The Telegraph
Sunday , November 25 , 2012
Since 1st March, 1999
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Letters to Editor

The great divide

Sir — Recently, I saw several homeless men, women and children, loitering around in the vicinity of the New Alipur railway station at night. They wore ragged clothes, and looked weather-beaten and malnourished. The sight was thought-provoking. It pointed to the huge inequalities in the distribution of wealth in society. The pro-poor welfare programmes initiated by the government, however path-breaking they may appear to be, seem to have had no effect on destitute families.

Yours faithfully,
Biplabratan Sarkar, Alipurduar, Jalpaiguri

Different realities

Sir — Brijesh D. Jayal makes some pertinent observations on the methods of strengthening the national security system in “Security in the balance” (Nov 19). But the article seems one-sided in its arguments.

Being a retired air marshal himself, it is only natural Jayal would ask for a defence-man at the top of the proposed national defence university of India. But the avowed emphasis of the university would be on developing gameplans and undertaking serious academic exercises rather than on fighting battles on field. This being the case, is a three-star officer necessary for the post? Jayal says that the committee on national defence university visited the national defence universities of China and the United States of America before submitting its report to the defence minister. The defence realities of the US or China and of India are vastly different. The US military is an offensive expeditionary force, which, with no borders to defend and no internal insurgency to deal with, is intent on defending the country’s interests. Our military is more focused internally. The US army has a well-developed command, control and communication structure that enables it to fight wars away from home. Developing such a logistical and infrastructural back-up is not exactly the priority of the Indian army now.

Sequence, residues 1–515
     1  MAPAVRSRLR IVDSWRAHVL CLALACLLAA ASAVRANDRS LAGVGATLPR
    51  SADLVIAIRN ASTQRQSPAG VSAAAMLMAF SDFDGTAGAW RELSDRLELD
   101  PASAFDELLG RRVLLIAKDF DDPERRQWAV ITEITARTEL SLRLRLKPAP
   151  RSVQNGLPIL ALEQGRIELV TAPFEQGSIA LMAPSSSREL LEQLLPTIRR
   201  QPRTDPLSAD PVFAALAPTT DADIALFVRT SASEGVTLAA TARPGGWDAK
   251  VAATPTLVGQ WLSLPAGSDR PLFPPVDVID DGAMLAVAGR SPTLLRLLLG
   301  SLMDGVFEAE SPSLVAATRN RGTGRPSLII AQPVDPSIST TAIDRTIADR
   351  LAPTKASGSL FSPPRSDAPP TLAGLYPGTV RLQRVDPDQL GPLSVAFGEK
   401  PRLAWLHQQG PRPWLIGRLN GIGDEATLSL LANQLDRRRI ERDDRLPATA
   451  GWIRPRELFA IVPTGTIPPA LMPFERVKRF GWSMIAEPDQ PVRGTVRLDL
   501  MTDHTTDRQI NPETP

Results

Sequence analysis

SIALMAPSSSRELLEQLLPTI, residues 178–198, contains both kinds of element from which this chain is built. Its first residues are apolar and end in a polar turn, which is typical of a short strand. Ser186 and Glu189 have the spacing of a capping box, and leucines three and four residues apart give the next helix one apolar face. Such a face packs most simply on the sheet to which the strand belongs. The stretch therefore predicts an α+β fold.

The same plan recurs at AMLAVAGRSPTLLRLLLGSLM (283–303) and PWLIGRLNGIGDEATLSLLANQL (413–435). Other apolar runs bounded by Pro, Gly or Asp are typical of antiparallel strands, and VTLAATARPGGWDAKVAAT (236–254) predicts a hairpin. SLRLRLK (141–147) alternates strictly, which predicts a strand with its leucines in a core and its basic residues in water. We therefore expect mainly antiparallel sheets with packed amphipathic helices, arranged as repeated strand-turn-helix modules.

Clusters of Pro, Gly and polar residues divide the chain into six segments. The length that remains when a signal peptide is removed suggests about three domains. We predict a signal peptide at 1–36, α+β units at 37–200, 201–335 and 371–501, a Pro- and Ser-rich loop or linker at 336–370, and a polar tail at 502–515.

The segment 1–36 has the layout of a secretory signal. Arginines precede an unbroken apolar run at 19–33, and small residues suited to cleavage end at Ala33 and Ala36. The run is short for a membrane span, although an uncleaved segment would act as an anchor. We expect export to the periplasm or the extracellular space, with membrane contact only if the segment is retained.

The US army is outward-looking and intellectually expansive, with a tradition of producing scholar-soldiers. Unlike in India, in the US, a two-star general needs to have an academic, diplomatic, or foreign stint to widen his world-view before he gets the third star. It is often believed that the generals of the Indian army are not so academically inclined, although this may be hearsay. But no one knows how many IIT-ians or AIIMS-ians or Stephenians are on its payroll. Having a three-star rank officer to “educate and adequately prepare national security leaders to enable them to look at strategic security challenges holistically” at a time when the battles are mostly fought across the table sounds absurd.

Yours faithfully,
Tapan Pal, Batanagar

Parting shot

Sir — We have now heard the versions of all the stakeholders involved in the drive to clear out cows from the Visva-Bharati campus (“Cows come home, from Visva to road”, Nov 19). The university had banished the bovines from its premises. The cow-owners —poor tribal people — cannot afford to build cow-sheds. As a result, the animals now roam about freely, creating a problem for cyclists. A possible solution lies in creating cattle pounds, confining the cows there and charging the owners for the service.

Yours faithfully,
Ashok Kumar Ghosh, Calcutta

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